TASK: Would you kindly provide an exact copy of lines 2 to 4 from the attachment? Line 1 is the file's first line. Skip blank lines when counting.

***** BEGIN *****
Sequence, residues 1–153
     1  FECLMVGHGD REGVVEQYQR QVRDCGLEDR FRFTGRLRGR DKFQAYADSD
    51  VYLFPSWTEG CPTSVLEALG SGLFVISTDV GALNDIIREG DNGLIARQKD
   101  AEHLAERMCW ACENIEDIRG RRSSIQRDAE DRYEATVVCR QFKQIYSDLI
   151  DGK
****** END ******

     1  FECLMVGHGD REGVVEQYQR QVRDCGLEDR FRFTGRLRGR DKFQAYADSD
    51  VYLFPSWTEG CPTSVLEALG SGLFVISTDV GALNDIIREG DNGLIARQKD
   101  AEHLAERMCW ACENIEDIRG RRSSIQRDAE DRYEATVVCR QFKQIYSDLI